The Omaha guide. (Omaha, Neb.) 1927-19??, May 23, 1942, City Edition, Image 1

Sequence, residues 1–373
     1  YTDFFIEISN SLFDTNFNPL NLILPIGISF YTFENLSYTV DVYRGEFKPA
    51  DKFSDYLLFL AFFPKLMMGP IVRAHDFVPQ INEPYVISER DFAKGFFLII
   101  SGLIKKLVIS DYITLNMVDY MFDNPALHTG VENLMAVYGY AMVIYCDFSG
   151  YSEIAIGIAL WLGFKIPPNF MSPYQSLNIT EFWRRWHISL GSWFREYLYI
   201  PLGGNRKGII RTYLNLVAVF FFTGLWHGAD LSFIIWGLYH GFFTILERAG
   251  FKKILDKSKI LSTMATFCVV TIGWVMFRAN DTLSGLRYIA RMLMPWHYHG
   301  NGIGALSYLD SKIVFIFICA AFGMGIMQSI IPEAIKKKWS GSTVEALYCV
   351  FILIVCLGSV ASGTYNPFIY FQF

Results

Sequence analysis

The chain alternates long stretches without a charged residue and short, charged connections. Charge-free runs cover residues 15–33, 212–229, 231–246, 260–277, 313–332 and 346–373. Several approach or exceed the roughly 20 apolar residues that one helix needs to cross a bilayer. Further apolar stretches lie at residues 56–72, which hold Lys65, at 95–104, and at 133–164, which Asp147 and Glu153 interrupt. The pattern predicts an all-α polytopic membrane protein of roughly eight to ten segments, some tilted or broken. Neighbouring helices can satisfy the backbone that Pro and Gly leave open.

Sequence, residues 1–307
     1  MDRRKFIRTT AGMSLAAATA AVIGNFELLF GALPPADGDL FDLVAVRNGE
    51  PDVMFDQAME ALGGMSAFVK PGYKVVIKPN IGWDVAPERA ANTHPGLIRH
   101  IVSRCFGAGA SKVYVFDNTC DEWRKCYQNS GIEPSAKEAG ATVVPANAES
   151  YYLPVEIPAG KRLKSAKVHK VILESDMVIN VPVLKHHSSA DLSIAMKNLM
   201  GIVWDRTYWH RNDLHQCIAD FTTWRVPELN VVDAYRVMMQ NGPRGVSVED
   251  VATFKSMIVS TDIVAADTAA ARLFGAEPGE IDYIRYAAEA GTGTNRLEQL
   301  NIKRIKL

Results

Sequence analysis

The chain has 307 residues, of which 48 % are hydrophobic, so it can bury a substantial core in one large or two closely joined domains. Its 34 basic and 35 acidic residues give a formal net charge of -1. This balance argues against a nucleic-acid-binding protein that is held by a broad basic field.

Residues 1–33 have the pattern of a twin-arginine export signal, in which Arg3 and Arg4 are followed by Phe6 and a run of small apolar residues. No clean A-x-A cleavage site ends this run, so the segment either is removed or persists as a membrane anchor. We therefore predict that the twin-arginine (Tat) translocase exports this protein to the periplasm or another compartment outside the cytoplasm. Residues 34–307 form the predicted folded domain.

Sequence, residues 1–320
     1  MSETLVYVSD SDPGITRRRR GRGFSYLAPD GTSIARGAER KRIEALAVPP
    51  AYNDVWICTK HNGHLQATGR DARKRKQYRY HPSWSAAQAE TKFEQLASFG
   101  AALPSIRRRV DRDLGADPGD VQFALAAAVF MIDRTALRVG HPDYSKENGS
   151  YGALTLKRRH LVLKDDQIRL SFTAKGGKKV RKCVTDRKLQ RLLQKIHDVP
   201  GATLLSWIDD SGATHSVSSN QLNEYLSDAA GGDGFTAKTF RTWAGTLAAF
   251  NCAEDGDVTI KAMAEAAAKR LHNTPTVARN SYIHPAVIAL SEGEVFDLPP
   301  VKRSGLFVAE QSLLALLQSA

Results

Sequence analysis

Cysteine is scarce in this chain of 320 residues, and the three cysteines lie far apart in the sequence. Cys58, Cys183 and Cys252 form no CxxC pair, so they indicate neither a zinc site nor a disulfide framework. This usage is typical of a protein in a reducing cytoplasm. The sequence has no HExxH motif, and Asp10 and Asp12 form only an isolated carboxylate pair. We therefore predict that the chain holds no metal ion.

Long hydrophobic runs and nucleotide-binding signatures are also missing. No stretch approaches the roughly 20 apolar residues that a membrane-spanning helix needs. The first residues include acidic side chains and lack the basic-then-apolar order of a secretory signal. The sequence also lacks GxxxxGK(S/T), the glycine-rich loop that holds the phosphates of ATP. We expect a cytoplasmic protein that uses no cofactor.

GOOD . READING ° I The OMAHA GUIDE M-y HEW TO THE UNE\ 5c -^ at vour _ _ ^ ^ LARGEST ACCREDITED NEGRO NEWSPAPER WEST OF CHICAGO AND NORTH OF KANSAS CITY —MEMBER OF THE ASSOCIATED NEGRO PRESS Drugstore fjji? “■3n^.‘7 j~f*——■ S&ffSfe 9S?*- Omaha, Nebraska, Saturday. May 23.1942 OUR lath YEAR-No. 15 City Edition, 5c Copy HEAR JUDGE HASTIE Under the auspices of the Omaha Labor Institute, Omaha will h»ve two bigs days of conference on the subject, “The Negro, Labor and the "War” starting: 10:00 A. M. Saturday May 23, and Sunday, May 24th at the Omaha University. There wil be many outstanding speakers among whom wlii be Assist ant Secretary of War, Judge Has tie, and A. Philip Randolph. A Big Banquet is planned for Saturday eveniu*. May 2*rd at 6 P M. at the Rome Hotel. This week’s Editorial Review • •• MIGHTY RUSSIA The fight which Russia has made and is making for survival of Rus sia, and, therefore, civilization as we have known it, is without his torical example. How Russia has done what she has done in a quarter of a century. ' no one seems to know. That she hag done a great task superbly, all agree. Now, it seems, Russia is about to crush Hitler and all Hitelerlsm means. Our hope is that on the ruins of Hitlerism there may be built a soc iety in which all men may freely give and freely share: where service shall be more than greed and the human personality more desirable than self and power. Russia is the only great nation in the world today, among the nations of the world, where white men are predominant, which is free from “color prejudice". In the United States, we ha-e thirteen million Negroes! in Russia thirteen million black persons would be Russians, just as they are Brazil ians in Brazil. Mighty Russia may do much to dissipate these harmful artificial barriers. THE GRAHAM CASE The case against Sergeant Gra ham has been patiently heard by the Omaha City Council. It has been taken under advisement by that body TVe have heard the case through several times and we are satisfied Sergeant Graham is wrong and lacks the judgement requisite to control his great physical strength. One fact has come to light In this case which should receive immed iate attention by the City Council. According to the evidence adduced in the Graham Eldridge case, Mrs. Eldridge was taken to the emerg ency iperating room where a police surgeon took several stitches in her cut arm. She fainted, apparently from loss of blood. And while in this condition, instead of being tak en to the hospital ward in the city jail she was placed in a cel. Even a dumb brute, suffering from a sim ilar injury would have been plac>nl in a hospital provided for such cre atures, even though its wounds had been received in a fight with an other dumb animal. Furthermore, it also appears from the evidence that Mrs. Eldridge wns injured sometime before 3 p. m. and bled profusely from her wounds for over an.hour before the flow of blood was staunched by a nurse or a doctor. tv hat if she had died from loss of blood? If as in the present case she had died after being placed in the cell on the orders of a police surgeon, the city would have be cjme liable in civil damages. And if the city were to have many such cases, it would soon be bankrupt. tVill the police commissioner in vestgate and report some remedial steps to the City Council. TIME IS FLEETING In an earlier day in the old south the so-called “white blue bloods" were required to learn a little aboui the Latin language. A phrase oi two often sufficed. One phrase it *Continued on page fW 2) Death Claims * Mrs. Madeline Roberts Gibson Charlie McIntosh John A. Crawford FORMER OMAHAN PASSES AWAY Mrs Madeline Roberts Oibeoa. formerly of Omaha, passed away Saturday, in Tacoma, Washington, after a lingering illness. Mrs. Gibson was wel] known in Omaha. She was the daughter of the late Henry L. and Mrs. Alice Roberts, and a graduate of Central High. About eighteen years ago she mar ried Ray Gibson at the St. Philips Episcopal Church .and then moved to Tacoma. A daughter, Jacqueline, and a son Robert, as well as her mother, Mrs. Alfred Roberts, were at the bedside in Tacoma. For years Mrs. Gibson was active in civic, social .religious ,and frat ernal work. She was a former Daughter Elk Ruler; active in the Eastern Star, and belonged to the Federation of Women’s Clubs, and to the Parents Teachers Assciatiun. j The funeral was held Wednesday In Tacoma. ***** ^ NEBRASK APIONEER PASSES John N. Crawford, 72, resident of Nebraska since 1890, passed away early Sunady morning, after having | suffered from high blood pressure and heart trouble since last Octob er. He had been living with his sow, Lovejoy Crawford, 2701 North 25th ^Street. Father Stams officiated, in an im-; pressive ceremony, at the St. Phil lips Episcopal Church, Wednesday. Burial was at Forest Lawn. Two sons, Love joy and Dillard Crawford, both of Omaha, survive. One daughter, Mrs. Flora Pinks ton. and a grand-daughter, Floren tine Crawford, both of Omaha, also survive. Mr .Crawford was a Royal Arch Mason, and a charter member of the Grand Lodge of Nebraska, POPULAR PULLMAN WORKER DEAD The very popular Charlie McIn tosh, 2709 Ohio Street, passed away very suddenly last Saturday as the result of a stroke. , Funeral services were held Thurs day at the J. D. Lewis Chapel. 2310 North 24th Street, the Rev. Mueller officiating. Charlie made innumerable friends ah the result of his long years in the Pullman service .and was well-liked locally. Three of his children, from De troit. arrived in time for the funer al. They are: Mrs. Clifford Griffin, Mrs. Leonard Davis, and a son. Gro ver McIntosh. They stayed with the fourth surviving child, Mrs. Harvey Carter, of 2321 North 27 Ih Avenue. A mother, Mrs. Mary McIntosh, of 2709 Ohio, and a sister. Miss Ella Me I In tosh, same address, also survive, as well as a host of other near rel atives. Eldridge Case Taken Under Advisement AFTER ARGUMENT BY COUNSEL FOR BOTH SIDES The famous Eldridge-Graham case In which the National Association for the Advancement of Co’, uv-1 People participated, together with Mr. and Mrs. Eldridge as oomi lain sn's against Sergeant John H. Gra ham, war submitted to the city counci for judgement Tuesday. Graham was charged with assault on both Mr. and Mrs. Eldridge while he had them in his custody. It was [ chat ged that he made the first as f sault on Mrs. Eldridge at her home, (25G1'- Maple St., an dthat he assault ed her again in the ‘Bull Pen” at the i olice station: that he also as saulted Mr. Eldridge at the police station. After the incidents at the police sln*ion Mrs. Eldridge sought to get a y arrant for the arrest of Mrs. Johnson, the woman who had as saulted her and caused Sergeant Graham to take Mrs. Eldridge and Mr Eldridge to jail, but was denied a complaint. Both Mr. and Mrs. Eldridge were charged wjth various offense in the police court. Mr. Eldridge was found not guilty of all charges: Mrs Eldridge was found guilty of dis turbing the peace and resisting ar rest and was given five days SUS PENDED ON EACH CHARGE Both fings of guilty have been ap pealed to the District Court, where they will be tried later on. The trial before the City Council, where the charges against Graham were heard, lasted six days. The evidence showed that neither Mr. nor Mrs. Eldridge were ever placed under legal arrest by any \>n lice officer: that they were taker forcibly fro mtheir premises, after Mrs. Eldridge was assaulted by Ser geant Graham. All the testimony adduced on be half of the defendant Graham, with the exception o fthe two Negroes from Chicago, who gave the names of Irving and Alice Johnson, w.is given by policemen and employees of the police department. A number of disinterested witness es testified for the complainants, one of the most effective being Mrs. Evelyn Green, a friend of the JoUn sons. She swore that shortly after Irving Johnson got out of jail on a bond the afternoon of March 18 th, the day the Eldridges were arrested. Johnson, who was in the “bull pen” with Sergeant Graham and the Eld ridges, told her he never expects to live to see a white man beat a Negro woman as Sergeant Graham beat Mrs. Eldridge, but he could take it. The complainants were represent ed by Mr. John Adams. Jr., and H. J• Pinkett, while the defendant. Graham was represented by Mr. Dan Gross. ITILITIES DISTRICT TO HOLD HOME CANNING CLASSES The Home Service department of the Metropolitan Utilities District has announced a series of Home Canning Instruction classes. Thes* elasses will be held on Tuesdays. Thursdays and Fridays, until fur ther notice, at the Gas Bungalow, first floor of the Utilities Building. 18th and Harney, from 1 to 2:30 in the afternoon. The latest canning methods will be demonstrated for both fruits and vegetables. Emph asis will be on sugrarless canning of fruits, due to sugar rationing. LET’S ORGANIZE NOW! OR SUFFER AFTER AFFECTS Says George 7. Edwards In His Labor Writings &ALL&WAY from Clifford C fflitc hell Well, C. C. you have been so busy all week preparing for the massive program of the Omaha Labor Institute, this weekend, that I haven't had time to talk to you much- I understand you have some of the na tional leaders booked to speak here in Omaha. And that there will be much dining and banqueting. Tour GUIDE of last week gave the full program but I presume there will be some last minute changes and these, no doubt, will be found in other columns of thjs issue- I'll look for them. —— ■ While you have been busy plann ing events of national importance I have just plugged along in my humble way, getting acquainted with the lowly folks, sympathiaig in their sorrows; rejoicing in their happiness and living with them the daily trials and tribuations of the poor and meek. It is about them that I shall write to you this week, that is if I can think of the many contacts I have made. I’ll try any way, so please bear with me. Re member I am of but clay and subject to all the weakneses of mortal flesh and memory may not serve m° as well as it did years ago but I hope to record a few happenings any way. —CCM— In the pleasure field, of course, the big event of the week, in my opinion, was the Earl Hines dance. I mentioned something about him last week. And, undoubtedly, the little girl reprter. Miss'*??, of the ‘‘Girls On The Streets,” column will have much to say about the local jitterbugs, and whatnots, who at tended the dance. You know C. C. the torch singer. Miss Madaline Green, stayed around at the same house I am staying in. The one owned by the hospitable Mrs. Ashby Simmons. 2228 Willis Avenue. So did William Randall, the Road Secretary of the Earl Hin es Orchestra, and the permanent secretary of the Earl Hines Music Corporation. My landlady tells me that all the big theatrical people stop at her house, when in town, including such international personages as Duke Ellington; Ethel Waters: Xoble Sis sle. etc. —CCM— FLASH! I forgot to tell you, cv did I? that Mrs. C. W. Jewell. 2223 Grant Street, phoned up and told me to tell you that your God-child Mrs. Madeline Roberts Gibson of Tacoma. "Washington, just passed away. You know. C. C. Mrs. Jewell is the moth er of Omaha's popular Jimmie Jew ell. It was he that brought Earl Hjnes here. —COM— Just got a letter from the British West Indies. You know. C. C. wh»n I was down there, a few years aeo, I got terribly sick. Spent months on a tropical hospital bed. Every one thought I would die My weight went down to 135 lbs. flma?!n» that and then look at me today D While there, a little West Indirn boy attended me as best he could. I tried to teach him to read and write. That foreign letter received today was from him. Little Andy Jolly of the British West Indies. I’ll never forget him as I can’t for get those who helped me when 1 needed help. (Continued on page E3P3i STEAMSHIP LINE COME UNDER EXECUTIVE ORDlR 8802 Steamship lines engaged in the transportation of war materials are war industries and come under Exe cutive Order 880!, which outlaws discrimination based on race, creed, and national origin, accordng to an opinion rendered by John Lord O Brian, general counsel of the War Production Board, to the President's Committee on Fair Employment Practice, and announced today by Lawrence W. Cramer, executive secretary of the committee. Mr. O’Brian studied the status of steamship lines at the request of the Committee and came to the conclu sion that, "Steamship lines engaged in the transportation of war mater ials are to be regarded as defense industries, even in the absence of government contracts.” This opinion was requested in the light of numerous complaints reach ing the Committee from seamen and other shipworkers who allege that they have been denied Jobs solely because of their race, religion, or na tional origin. wjth an earlier opinion by Mr. O Brian that railroads are war indus tries within the meaning of Exe cutice Order 8802. the Far Employ ment Practice Committee has had its field of operations broadened. The executive order authorized the Committee to receive complaints and correct grievances of discriminaton in war industries an the government based on race, creed, color or nat onal origin. , In his opinion. Mr. O’Brian stat ed: "By Executive Order 9054. Febr uary 7. 1942. the President establish ed the \Tar Shipping Administra tion in order to 'assure the most ef fective utilization of the shipping of the United States for the successful prosecution of the war.' Under the terms of this order, all merchant vessels not already controlled by the armed forces or the Coordinator of Defense Transportation, are to he placed in a poo! to be allocated by the Administrator in compliance with strategic military require ments. "On April 18. Admiral Land. Ad ministrator of this agency, announc ed the requisition of all remaining ocean-gong tankers acquired by thi Government. Prior to this action, approximately seventy-five percent of the freighter tonnage had been taken over by the Government through purchase, charter, or re quisition. Now that all dry tonnage <5 BY GEORGE T. EDWARDS On May 23 and 24 there is going to be a Negro Labor Institute held in Omaha. This is a very import ant occasion for our race since it will be the first affair of its hind to be held by the Negro people in the country. It is our immediate task to see that this Institute is » great aucceas. The committee in charge has ar ranged a very interesting program j for both days of the meeting. Labor Institutes have been held before and have carried on certain educational work among members of organized labor, but more import ance shuld be attached to this in stitute because for the first time it is dealing directly with the problems that are confronting the Negro peo ple in all walks of life. We are confronted with a huge task in our efforts to organize our people into trade unions, but it is a job that MUST be done as rapidly as possible. That the Negro has been unfairly treated and discrim lniaed against in many of the trade wnions is a fact no honest person can deny, and it is for that very • reason that it is so difficult to get them into unions today. If these Lariers are to be tom down and die crimination stopped, it must be done from within the unions, for we can do very little so long as we remain on the outside, and today over the entire nation there is a great organ izing drive in progress not only to get workers Into trade unions but also to create greater unity in our war effort. In Omaha both the CIO and the AF of L. are making an organizing drive, and now is ahe time for our people, wherever posible. to become a part of this great movement. It we were to make a survey, we would find that our living conditions have rapidly grown worse during the past year. Why? Because we have failed to organize. In many cases our rent has gone up, the cost of food and clothing has gone up, while our wages have remained at the same level. And the reason our wages have not gone up has been because we were unorganized. In the peace that is to follow war. only the organized are going to have any voice—so if we are to have any voice THEN, we must or ganize now. Many of our people in Omaha are eligible to become members of tradu unions, but not understanding the real principles of trade unions.-j-n j have neglected to join. So I feel j that with the coming of the first Negro Labor Institute to Omaha we should launch a real organizirg campaign among our people. Or ganize them we can. Organize them we must. So let’s make a good start by making May 23 and 24 two red letter days jn the history of the Negro people in the city of Omaha. And as we leave the final meeting of the Institute, let us res alve not to rest until we have realiy irganized the Negro people. vessels and tankers are under dir ect Governmental control and sub ject to allocation by the War Ship ping Administration, it is apparent that all lines are or soon will be en gaged in the transportation of war materials and are, therefore, defense industries within the meaning of Executive Order 8802.” Mr. Cramer also anounced the ad dition of two senior field represen tatives to the Committee’s staff— Maceo W. Hubbard. Philadelphia. Pa and Ernest Green Trimble, Lexing ton, Ky., both lawyers. Mr Hubbard is a gaduate of Lin coln University and Harvard Law School. For several years he has (Continued on pagef^“2) To Graduate from St. Agnes School of hursing, Raleigh, A. C. I MISS MARY HEDDE WIGGINS, daughter of Dr. and Mrs. H. Wigg ins, one of Omaha's popular young ladies, who has been in training for the past three years, will graduate this month from St. Agnes School of Nursing at Raleigh, N. C. Miss Wiggins is a graduate of Central High School, and attended Omaha >•••• .. -s?. vHHHIHHi U. before beginning her studies at Bt. Agnes hospital. While at the hospital Miss Wiggins has been an honor student for the entire courts of training. Mrs. Herbert Wiggins, her moth er, plans to be present at the grad uation exercises which take Diace •n Wednesday morning, May 27th. Hospitilization Insurance PROTECTS MILLIONS OF PEOPLE "3 cents a Day” Pays Bill for Hospital Confinement in Illness Accidental Injuries or Maternity • •*** During the past six years more than 8.000,000 persons have enrolled in the popular “3 cents a day” plan of hospitalization, which pays hos pital bills for individuals and fam ilies. America's annual bill for hos pital care runs into several billions of dollars and hrify heads of famil ies have been so quick to recognize the advantages of insurance against such expenses that this new idea has broken all records. Already the various hospital plans have pai-1 more than $100,000,000.00 in bene fits to policy-holders. Hospitalization insurance has been endorsed by public officials anl employers as a needed protection to workers as it obviates the necessity of borrowing money to meet hospit al bills. The medical profesion has not been slow to recommend hospitaliz ation. Doctors are else to humcn piblems and they know that too oft en a surgical peration or hospind treatment is deferred for lack o funds, with disastrous results to the patient. Hospitals favor the idea and ir> many communities have joined in setting up local plans. Their reason for doing this is two-fold, because it assures them of adequate payment for room and board and other serv ices, as well as protecting ahe insti ed. For, after all. hospitals are business institutions and must have cash in settlement of their bills. The purely local plan of hospital ization, however, is practicable only in large cities where local hospitals and thousands of members can con tribute to its support. People liv ing in smaller cities, towns and country districts must have a plan that does not depend on the support of any particular group of persons or associated hospitals. They must be able to use it at any hospital to which illness or injury may confine them and this need can be met besc b van independent company which permits people to make application and pay their dues by mail, thus se curing protection no matter whe-e ahey may live. The principal officers of the FED ERAL lift: axd benefit vs SOCIATION are among the pioneers In the field of hospitalization insu ance and they have policy-holders in practically every State in the Union. The FEDERAL hospitalization pol icy provides HOSPITAL ROOM AND BOARD—OPERATING ROOM —X-RAY EXAMINATIONS— AN ESTHESIA— LABORATORY —EX AMINATIONS — maternity BENEFITS—SURGEON’S FEES — SANATORIUM BENEFITS —EM ERGENCY AID — AMBULANCE SERVICE. All these liberal bene fits are available for each member in the family. The policy pays total benefits up to $325.00 each year. The FEDERAL LIFE AND BEN EFIT ASSOCIATION has an ann ouncement of its plan in this is3ue of our paper and it includes a handy coupon for persons desiring further information. Anyone sending in the cupon will receive full and complete information, including rates for fam ilies as well as individuals. The cost of covering the whole family is only a few cents a day. The inform atlon wil lbe received by mail. No agent will call. FEDERAL does not employ agents to call on the public. Its entire busines is carried on the direct mail plan, thus eliminating the expense of branch offices, sal aries, agents' commisions and so forth. Any person between the ages of 12 months and 65 years is eligible. Dependent children under 17 years of age may be included in a family group certificate. Children older than 17 are required to carry indiv ldua] policies. No medical examin ation is required. The FEDERAL LIFE AND BENE FIT ASSOCIATION is incorpora in the State of Delaware. It oper ates under the supervision of the Delaware Insurance Department and maintains reserves as required by law to guarantee the payment of all valid claims. Every individual or family he-vl may obtain full information by “er.i ing the coupon in the advertisement to the FEDERAL LIFE AND BENEFIT ASSOCIATION. Wilming ton. Delaware. NEGRO STARS FEATURED WITH CHARLEY BARNET When Chariey Barnet brings his famous band to the Dreamland on Wednesday, May 27th. he will fea ture his two Negro Artists. Peanuts Holland, trumpeter and Scat Vocal ist and Jack Jarvis on bass. Charley Barnet and his orches* -a broke all existing records at the Ap ol]a Theatre, famous all-Negro The atre in Harlem .when 21 mount -1 police of the New York Police for^ were called out to literraly stop the jitterbugs rioting outside the the atre, where they were lined up for three blocks. When Barnet was ready to appear in public for the first time with h;s orchestra, he sought Duke Elling tons criticism. Ellington offered him a numebr of his priceless ar rangements. a fact which Charlie considers most important to his cur rent success. In fact Barnet j, known to thousands as the white Ellington.